Pam Grier walks into a bar. Sounds like the beginning of a joke, but it’s actually the setup for one of the great fight scenes of the 1970s.
Grier played the title character in 1974’s Foxy Brown, a woman who poses as a high-end escort to get revenge on the gangsters who killed her G-Man boyfriend. When her undercover work brings her to a seedy bar, she confronts Bobbie, a tough-talking patron (played by Jeannie Epper who was also Lynda Carter’s stunt double on Wonder Woman).
“Listen, skinny,” says Bobbie, “before you start talking tough, I better warn you. I got a black belt in karate. So why don’t you get out of here quietly, while you still have some teeth left in that ugly face?”
Before you can say, “You go, girl,” Foxy clobbers Bobbie with a wooden stool, slamming her in the face then shattering it across her back.
“And I got my black belt in bar stools!” says Foxy.
Grier could deliver a line and a punch, attributes that allowed her to cut a swathe in the male-dominated action movie market of the 1970s.
This weekend Scarlett Johansson adds to Grier’s kick- butt legacy on the big screen with Lucy, an all-out actioner about a woman who becomes a superhuman when a drug allows her to use 100 per cent of her brain capacity. “I’m able to do things I’ve never done before,” she says. “I feel everything and can control the elements around me.”
Johansson joins a list of dangerous distaff action stars like Michelle Yeoh (Crouching Tiger, Hidden Dragon), Jenette Goldstein (Aliens), Angelina Jolie (Wanted, Salt, Mr. & Mrs. Smith, Lara Croft: Tomb Raider) and Uma Thurman (Kill Bill, Parts 1 & 2) who have given Schwarzenegger and Stallone a run for their money.
Perhaps the wildest female action movie of all time is 1965’s “ode to female violence,” Faster, Pussycat! Kill! Kill! starring Tura Satana as the thrill-seeking go-go dancer Varla.
Experienced in martial arts, Satana did her own stunts and brought her unique style — black leather gloves, Germaine Monteil eyeliner and layers of Max Factor pancake makeup — to the film. She even supplied some of the movie’s most memorable lines.
When a gas station attendant ogles her cleavage while extolling the virtues of being on the open road and seeing America, Satana ad libbed, “You won’t find it down there, Columbus!”
Time critic Richard Corliss called Satana’s performance “the most honest, maybe the one honest portrayal in the [director Russ] Meyer canon and certainly the scariest.”
“I took a lot of my anger that had been stored inside of me for many years and let it loose,” Satana said of her most famous role.
“I helped to create the character Varla and helped to make her someone that many women would love to be like.”
It’s also illegal, dangerous and morally unsound, but that doesn’t stop Hollywood from featuring vigilantes in their stories.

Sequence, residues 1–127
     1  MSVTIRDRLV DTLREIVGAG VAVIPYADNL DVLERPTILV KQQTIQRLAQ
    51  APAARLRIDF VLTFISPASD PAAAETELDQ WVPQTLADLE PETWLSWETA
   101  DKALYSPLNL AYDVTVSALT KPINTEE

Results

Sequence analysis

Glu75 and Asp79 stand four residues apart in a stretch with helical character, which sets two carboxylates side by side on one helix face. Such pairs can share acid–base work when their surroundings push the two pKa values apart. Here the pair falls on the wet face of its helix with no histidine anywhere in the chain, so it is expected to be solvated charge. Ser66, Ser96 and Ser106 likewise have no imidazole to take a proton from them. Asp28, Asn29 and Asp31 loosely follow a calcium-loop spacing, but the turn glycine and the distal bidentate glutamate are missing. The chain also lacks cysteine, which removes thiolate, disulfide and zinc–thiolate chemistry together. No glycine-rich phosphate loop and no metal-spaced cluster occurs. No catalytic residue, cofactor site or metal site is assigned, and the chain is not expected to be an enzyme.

Comic books have supplied the movies with vigilantes for years. According to comicbookmovie.com, “It is important to state one truth,” they write, “[and] that is, all comic book heroes, unless sanctioned by the government, are vigilantes.” That’s a wide group that includes, among others, Batman, Spiderman and Iron Man.
Lesser known is Rorschach, the anti-hero of the graphic novel The Watchmen and played by Jackie Earle Haley in the movie of the same name. He’s a masked crime fighter who believes in only good and evil. This black-and-white morality drives his ruthless need to punish evil-doers at all costs.
“Were it not for costumed vigilantism,” says the actor, “he’d have nothing.”
Rorschach is effective and lethal, but Paul Kersey didn’t wear a costume to earn his star on the Vigilante Walk of Fame. As played by Charles Bronson in five Death Wish movies, he cleaned up the streets with an efficiency that would make the Watchmen envious.
In the original 1974 film Kersey is an architect driven to taking the law into his own hands following the brutal murder of his wife. “If the police don’t defense us,” he says, “maybe we ought to do it ourselves.”
Star Bronson was quick to say that he didn’t “advocate anyone taking the law into their own hands,” but knew that the Death Wish movies were popular because, “Audiences like to see the bad guys get their comeuppance.”
Harry Brown is a gritty Gran Torino with British accents and a dash of Death Wish. Michael Caine plays the title character as High Noon’s Gary Cooper, but instead of being set on the wide open plain, the action in this Teabag Western takes place in the urban terrain of the Elephant and Castle section of London.
“This movie changed me,” Caine said. “I started out thinking, ‘Let’s go out and make a movie about killing all these scumbags,’ and then I met these people and realized they were helpless, just as much as the victims, and they had been neglected and they need help.”